Very little is known about Johann Fritz other than a few sketchy biographical details. He seems to have been a fairly prolific builder, though, and a number of his instruments have survived. Many aspects of his work suggest that he learned the trade in Walter's workshop, and in a certain sense, he, along with Brodmann, can be seen as one of the builders who carried the conservative 18th century tonal ideals forward into the new century. These instruments retain the transparent sound ideal, made possible by small hammer heads, very thin leathering, and light soundboard construction, all the way up to the end of the 1820's.
I have been fortunate to have had three original Fritz pianos in my shop, one for extended storage and two for restoration. I've made copies of a 6 octave instrument from 1813 (dated) and a 6 1/2 octave instrument (probably) from the first half of the 1820's.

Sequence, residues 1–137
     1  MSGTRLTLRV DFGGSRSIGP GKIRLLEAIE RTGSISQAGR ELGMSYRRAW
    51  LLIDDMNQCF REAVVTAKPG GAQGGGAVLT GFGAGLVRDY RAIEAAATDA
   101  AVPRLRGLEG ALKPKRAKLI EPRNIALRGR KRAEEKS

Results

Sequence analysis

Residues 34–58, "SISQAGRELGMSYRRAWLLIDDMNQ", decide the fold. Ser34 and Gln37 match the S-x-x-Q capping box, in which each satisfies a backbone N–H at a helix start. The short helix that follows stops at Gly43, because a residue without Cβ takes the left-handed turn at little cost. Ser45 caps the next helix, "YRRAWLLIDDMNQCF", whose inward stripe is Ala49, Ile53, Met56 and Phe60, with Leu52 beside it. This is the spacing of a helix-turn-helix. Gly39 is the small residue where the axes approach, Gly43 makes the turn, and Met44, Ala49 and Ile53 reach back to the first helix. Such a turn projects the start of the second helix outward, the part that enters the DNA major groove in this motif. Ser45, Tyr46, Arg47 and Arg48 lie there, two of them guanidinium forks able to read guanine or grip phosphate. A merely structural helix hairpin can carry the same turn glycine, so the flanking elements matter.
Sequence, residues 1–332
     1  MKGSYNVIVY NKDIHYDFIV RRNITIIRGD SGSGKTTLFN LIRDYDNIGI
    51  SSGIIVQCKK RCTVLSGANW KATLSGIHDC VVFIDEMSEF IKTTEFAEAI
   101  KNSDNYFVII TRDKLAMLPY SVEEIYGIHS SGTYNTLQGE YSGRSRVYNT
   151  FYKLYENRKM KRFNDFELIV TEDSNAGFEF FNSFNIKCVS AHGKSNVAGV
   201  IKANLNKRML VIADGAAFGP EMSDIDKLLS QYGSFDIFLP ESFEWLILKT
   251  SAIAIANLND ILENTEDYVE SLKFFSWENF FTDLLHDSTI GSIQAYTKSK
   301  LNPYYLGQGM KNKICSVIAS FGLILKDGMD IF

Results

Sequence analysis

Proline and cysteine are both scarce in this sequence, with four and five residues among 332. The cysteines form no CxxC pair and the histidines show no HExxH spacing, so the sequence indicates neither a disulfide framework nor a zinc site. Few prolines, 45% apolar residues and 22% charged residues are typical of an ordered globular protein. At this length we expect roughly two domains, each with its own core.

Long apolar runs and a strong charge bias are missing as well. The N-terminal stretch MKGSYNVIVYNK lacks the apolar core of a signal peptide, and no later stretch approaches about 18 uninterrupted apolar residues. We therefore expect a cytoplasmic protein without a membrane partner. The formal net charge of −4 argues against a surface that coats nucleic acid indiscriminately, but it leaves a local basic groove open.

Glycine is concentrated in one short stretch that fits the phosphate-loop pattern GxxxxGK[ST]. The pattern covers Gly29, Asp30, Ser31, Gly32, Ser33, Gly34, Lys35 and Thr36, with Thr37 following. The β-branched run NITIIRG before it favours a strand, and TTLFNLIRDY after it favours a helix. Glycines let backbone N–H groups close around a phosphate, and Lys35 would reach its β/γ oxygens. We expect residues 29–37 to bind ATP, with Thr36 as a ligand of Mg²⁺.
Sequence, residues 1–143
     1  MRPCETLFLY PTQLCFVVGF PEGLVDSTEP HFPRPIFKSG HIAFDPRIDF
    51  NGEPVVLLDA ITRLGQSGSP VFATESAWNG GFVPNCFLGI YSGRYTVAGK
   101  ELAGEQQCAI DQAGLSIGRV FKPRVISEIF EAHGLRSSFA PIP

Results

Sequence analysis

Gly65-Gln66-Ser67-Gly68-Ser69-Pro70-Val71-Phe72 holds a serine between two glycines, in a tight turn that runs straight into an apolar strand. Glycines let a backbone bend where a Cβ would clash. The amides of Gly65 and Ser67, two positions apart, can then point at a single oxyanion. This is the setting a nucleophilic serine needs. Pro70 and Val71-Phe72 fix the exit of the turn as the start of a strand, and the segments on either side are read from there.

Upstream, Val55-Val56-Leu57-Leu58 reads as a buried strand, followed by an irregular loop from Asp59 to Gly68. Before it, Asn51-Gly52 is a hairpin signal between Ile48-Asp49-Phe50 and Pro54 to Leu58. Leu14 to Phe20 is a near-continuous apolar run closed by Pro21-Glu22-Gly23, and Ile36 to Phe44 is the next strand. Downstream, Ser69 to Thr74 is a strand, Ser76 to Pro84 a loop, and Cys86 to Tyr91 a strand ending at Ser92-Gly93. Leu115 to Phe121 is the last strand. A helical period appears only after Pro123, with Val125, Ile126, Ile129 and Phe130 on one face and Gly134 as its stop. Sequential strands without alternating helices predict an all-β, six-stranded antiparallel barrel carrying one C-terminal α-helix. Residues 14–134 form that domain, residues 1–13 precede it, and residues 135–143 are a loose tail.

An original 6 octave Fritz from 1813, after restoration. The black varnish finish is original (finish and action restoration by Chris Clarke).
The same instrument while it was in my shop for soundboard restoration.
Two pictures of the same copy of the above instrument for Escola Superior de Música de Catalunya (Barcelona)
A 6 1/2 octave Fritz copy, probably about 1823. The original was in my shop for about 3 years in a state of partial disassembly, allowing a thorough examination.